Last week I had the opportunity to be part of a filmed advertisement for Ditto, the fun and friendly marketing company in Sevenoaks who created the gorgeous History Magpie design sitting at the top of this page. It was an occasion that took me far from my comfort zone but, despite my nerves, it was a wonderful experience and on my way home I started to think about the connection between today’s ‘up to the minute’ filming and the nostalgic black and white newsreels that now give us a glimpse into the past.
Companies such as Timereel Studios have collated old news footage into narrated films.
Their film, Kent Past, shows the launching of a submarine at Chatham Dockyard and Winston Churchill visiting Dover, both of which were recognised as important events at the time. Now they are deemed, quite rightly, as ‘historic’ but other clips showing cockney hop pickers, the crew on-board the NORE lightship receiving their Christmas boxes and a bathing dress parade at Folkestone were, at the time of filming, everyday events.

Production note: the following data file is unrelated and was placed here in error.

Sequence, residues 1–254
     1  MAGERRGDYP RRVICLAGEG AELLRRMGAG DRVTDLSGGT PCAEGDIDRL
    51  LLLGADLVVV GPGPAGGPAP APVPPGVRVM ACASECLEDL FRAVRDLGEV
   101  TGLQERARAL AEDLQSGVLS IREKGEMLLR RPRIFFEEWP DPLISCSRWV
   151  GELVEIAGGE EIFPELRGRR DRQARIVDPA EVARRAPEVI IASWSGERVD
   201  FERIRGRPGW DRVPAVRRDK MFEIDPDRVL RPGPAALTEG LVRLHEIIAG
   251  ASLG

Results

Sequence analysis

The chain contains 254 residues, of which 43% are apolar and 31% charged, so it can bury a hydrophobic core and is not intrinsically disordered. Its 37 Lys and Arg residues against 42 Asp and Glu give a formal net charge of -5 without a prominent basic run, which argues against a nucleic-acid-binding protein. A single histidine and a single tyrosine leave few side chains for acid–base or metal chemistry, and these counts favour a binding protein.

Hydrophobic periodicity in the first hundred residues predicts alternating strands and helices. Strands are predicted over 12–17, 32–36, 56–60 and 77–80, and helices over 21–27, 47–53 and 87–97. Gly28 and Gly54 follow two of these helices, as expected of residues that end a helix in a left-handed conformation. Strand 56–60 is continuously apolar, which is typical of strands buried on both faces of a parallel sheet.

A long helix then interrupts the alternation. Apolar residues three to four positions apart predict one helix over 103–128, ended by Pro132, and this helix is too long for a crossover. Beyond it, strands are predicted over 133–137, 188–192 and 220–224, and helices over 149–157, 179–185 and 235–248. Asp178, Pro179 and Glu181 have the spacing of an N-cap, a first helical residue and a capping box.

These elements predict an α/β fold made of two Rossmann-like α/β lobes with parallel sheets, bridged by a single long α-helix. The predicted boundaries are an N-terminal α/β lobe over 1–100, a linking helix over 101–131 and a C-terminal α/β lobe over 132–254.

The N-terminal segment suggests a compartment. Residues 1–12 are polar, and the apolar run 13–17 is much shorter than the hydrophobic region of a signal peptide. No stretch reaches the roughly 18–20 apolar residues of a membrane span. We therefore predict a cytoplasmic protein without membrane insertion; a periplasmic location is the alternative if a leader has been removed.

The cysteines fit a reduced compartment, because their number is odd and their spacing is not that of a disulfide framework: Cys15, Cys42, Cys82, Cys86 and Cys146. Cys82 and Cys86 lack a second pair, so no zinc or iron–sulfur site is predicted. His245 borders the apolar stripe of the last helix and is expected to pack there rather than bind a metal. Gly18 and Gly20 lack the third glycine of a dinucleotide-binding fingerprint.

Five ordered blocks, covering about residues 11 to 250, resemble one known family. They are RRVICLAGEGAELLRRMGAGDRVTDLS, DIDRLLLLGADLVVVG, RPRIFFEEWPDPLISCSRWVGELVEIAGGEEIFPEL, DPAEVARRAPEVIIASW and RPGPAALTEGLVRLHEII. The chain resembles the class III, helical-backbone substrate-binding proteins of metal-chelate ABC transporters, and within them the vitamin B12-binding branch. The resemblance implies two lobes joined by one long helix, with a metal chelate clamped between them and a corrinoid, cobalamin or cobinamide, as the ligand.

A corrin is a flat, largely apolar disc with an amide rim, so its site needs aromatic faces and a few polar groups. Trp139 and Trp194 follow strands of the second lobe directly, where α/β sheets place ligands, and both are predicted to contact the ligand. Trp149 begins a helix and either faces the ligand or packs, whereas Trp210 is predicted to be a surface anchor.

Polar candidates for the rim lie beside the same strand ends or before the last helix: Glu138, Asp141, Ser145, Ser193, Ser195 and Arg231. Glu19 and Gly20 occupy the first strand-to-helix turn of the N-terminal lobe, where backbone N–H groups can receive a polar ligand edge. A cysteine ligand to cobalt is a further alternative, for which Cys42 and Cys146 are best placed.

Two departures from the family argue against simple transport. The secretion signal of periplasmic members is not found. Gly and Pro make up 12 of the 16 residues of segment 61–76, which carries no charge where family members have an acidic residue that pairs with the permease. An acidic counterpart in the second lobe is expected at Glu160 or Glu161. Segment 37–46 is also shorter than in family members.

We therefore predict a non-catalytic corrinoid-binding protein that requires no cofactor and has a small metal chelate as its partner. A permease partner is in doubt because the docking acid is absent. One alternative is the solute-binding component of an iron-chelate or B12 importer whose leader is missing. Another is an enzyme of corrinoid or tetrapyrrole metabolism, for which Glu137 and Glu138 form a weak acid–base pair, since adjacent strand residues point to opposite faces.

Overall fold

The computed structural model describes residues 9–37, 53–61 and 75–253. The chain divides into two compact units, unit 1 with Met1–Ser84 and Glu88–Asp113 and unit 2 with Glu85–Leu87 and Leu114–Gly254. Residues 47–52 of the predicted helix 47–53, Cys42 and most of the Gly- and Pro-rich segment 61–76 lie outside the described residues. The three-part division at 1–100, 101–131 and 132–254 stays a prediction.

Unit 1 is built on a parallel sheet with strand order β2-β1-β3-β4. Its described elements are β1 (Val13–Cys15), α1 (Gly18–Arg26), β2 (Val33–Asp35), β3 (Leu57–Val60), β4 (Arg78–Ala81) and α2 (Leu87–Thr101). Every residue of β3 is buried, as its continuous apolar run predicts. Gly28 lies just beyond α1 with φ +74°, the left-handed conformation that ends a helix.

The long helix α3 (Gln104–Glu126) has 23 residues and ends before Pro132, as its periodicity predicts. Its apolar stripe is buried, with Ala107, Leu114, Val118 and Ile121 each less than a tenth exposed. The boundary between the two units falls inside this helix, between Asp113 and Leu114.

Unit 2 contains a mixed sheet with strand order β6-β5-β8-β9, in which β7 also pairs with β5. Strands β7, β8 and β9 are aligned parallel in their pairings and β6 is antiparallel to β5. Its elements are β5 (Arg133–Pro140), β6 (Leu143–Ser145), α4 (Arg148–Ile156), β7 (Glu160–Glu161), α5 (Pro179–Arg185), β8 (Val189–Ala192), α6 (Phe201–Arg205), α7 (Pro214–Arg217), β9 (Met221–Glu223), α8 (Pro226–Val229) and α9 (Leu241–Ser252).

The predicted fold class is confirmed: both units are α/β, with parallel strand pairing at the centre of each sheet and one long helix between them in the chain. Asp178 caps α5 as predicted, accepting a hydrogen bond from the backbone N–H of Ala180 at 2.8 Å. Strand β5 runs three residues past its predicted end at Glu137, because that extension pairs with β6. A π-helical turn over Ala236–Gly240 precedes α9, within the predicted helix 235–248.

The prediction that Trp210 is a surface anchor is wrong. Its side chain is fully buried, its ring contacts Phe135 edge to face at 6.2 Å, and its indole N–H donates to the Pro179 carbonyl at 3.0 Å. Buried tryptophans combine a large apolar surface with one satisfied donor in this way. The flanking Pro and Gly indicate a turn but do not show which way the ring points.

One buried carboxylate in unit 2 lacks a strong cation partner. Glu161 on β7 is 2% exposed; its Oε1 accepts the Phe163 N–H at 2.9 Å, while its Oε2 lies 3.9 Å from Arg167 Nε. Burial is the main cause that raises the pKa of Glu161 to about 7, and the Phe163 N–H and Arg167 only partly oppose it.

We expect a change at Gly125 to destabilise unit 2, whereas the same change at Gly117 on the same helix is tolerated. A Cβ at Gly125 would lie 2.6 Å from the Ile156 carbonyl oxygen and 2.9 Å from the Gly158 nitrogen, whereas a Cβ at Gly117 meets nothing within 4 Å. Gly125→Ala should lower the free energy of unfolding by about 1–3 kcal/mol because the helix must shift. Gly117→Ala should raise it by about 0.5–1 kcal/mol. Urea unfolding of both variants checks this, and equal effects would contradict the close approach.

So when does something really become historic? The Oxford Dictionary states that to be historic something has to be ‘famous or important with regards to history’ which to my mind means that unless it has an obvious historical significance at the time, such as a royal occasion or an outbreak of war, many things only become historic with hindsight, when the activity or object depicted is obsolete.
And with technology advancing at such a rate I wonder how last week’s advert will fare in the long term. Will it eventually just become dated due to our clothes and the methods used or will it, with the test of time, become a historical example of the way advertising was created in the early 21st century?
*Disclaimer – Timereel Studio kindly sent me a promo copy of Kent Past and Kent at War a few years ago.